Project manager for responses: Jennifer Hillebrand
Qualitative research methods complement quantitative (statistical) methods in capturing the interplay between the meanings and contexts of drug use. In particular, qualitative methods are sensitive to changes in patterns of drug consumption because of the proximity of the researchers to the study population. Qualitative researchers often work in the field, directly with drug users, who tend to be aware of and discuss new products and innovations, even if they are not using them themselves. In the absence of qualitative and contextual research, there is a danger of perpetuating understandings of drug use which are devoid of relevance or meaning for either drug users or health-service providers. This may encourage the formation of policy or the development of interventions which are inappropriate or ineffective and, at worst, counter-productive.Qualitative research is a pre-requisite for understanding and responding to drug use and has proved to be essential for:
- interpreting statistical data and placing it in context;
- providing insight into the problems and needs associated with a range of drug-using patterns;
- assessing which types of interventions may be more effective; and
- helping to evaluate the impact of those interventions on drug users.
From 1996 on, the EMCDDA has launched a series of projects to obtain a comprehensive and detailed picture of qualitative research on drug use in the European Union. Reports on the proceedings of EMCDDA seminars on injecting risk behaviour, the drug use-crime relationship and 'new drug trends' are available.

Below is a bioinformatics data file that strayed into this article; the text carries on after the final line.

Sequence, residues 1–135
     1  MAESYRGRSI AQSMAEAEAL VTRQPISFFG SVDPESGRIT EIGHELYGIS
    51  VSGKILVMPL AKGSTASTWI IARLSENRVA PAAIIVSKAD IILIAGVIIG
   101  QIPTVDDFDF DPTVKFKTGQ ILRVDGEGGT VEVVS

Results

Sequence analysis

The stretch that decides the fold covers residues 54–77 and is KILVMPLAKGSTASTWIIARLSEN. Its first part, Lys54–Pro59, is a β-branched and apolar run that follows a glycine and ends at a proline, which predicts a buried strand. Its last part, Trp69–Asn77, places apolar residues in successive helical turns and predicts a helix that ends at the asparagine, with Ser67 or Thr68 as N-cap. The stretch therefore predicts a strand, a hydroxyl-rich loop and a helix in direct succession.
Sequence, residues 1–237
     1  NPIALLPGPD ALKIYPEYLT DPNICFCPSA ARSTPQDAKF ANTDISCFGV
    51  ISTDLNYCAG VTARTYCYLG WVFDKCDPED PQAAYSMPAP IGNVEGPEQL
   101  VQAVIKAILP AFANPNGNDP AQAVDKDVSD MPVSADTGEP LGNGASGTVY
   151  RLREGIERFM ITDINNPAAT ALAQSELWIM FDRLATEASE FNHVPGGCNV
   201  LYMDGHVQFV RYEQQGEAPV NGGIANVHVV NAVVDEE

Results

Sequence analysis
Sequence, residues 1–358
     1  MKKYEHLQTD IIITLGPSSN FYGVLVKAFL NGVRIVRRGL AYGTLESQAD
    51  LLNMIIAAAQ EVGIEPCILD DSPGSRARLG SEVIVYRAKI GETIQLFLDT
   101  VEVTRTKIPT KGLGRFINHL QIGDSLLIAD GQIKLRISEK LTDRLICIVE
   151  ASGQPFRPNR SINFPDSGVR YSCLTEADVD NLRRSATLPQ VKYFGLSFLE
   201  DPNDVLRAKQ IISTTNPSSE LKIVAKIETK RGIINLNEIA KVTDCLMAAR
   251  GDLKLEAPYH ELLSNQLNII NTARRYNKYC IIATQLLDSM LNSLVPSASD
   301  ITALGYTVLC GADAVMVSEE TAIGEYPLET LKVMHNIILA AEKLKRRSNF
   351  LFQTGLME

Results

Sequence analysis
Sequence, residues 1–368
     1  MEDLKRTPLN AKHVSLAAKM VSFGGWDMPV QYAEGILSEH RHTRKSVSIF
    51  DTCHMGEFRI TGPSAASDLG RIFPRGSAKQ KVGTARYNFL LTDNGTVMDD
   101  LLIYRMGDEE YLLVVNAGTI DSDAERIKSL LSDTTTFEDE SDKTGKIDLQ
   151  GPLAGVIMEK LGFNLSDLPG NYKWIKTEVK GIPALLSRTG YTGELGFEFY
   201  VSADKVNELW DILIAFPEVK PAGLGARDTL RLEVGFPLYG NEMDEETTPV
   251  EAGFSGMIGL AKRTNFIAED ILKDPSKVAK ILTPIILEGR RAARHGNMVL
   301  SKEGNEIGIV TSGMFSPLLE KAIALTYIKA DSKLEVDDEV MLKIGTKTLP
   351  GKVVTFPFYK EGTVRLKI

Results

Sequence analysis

A major task has been to consolidate the network and highlight the value of qualitative research in understanding drug use and informing action and policy-making. Seminars have been attended by over 80 researchers and policy-makers, including representatives from the Pompidou Group of the Council of Europe, the United Nations International Drug Control Programme (UNDCP), the World Health Organisation's Programme on Substance Abuse (WHO-PSA), the European Union's Phare Multi-country Programme for the Fight against Drugs and the US National Institute on Drug Abuse (NIDA). The seminars were partly supported by a grant from the Targeted Socio-Economic Research Programme of the Research Directorate-General of the European Commission.
To download a pre-print summary of the monograph, click here.
The EMCDDA continues to support the maintenance of the European researchers' network and stimulates qualitative researchers to seek financial support. The Centre also encourages the integration of qualitative research with other methods, as well as its use in innovative areas such as the E-POD project to develop methods for detecting, monitoring and responding to emerging trends using a case study approach. The method aims to assess the veracity of accumulated information by triangulation of information available from a wide range of different sources.
A first case study analysis of available information on hallucinogenic mushrooms is available here.Work is underway for a policy briefing on hallucinogenic mushrooms and for a thematic paper on GHB to be published in 2007.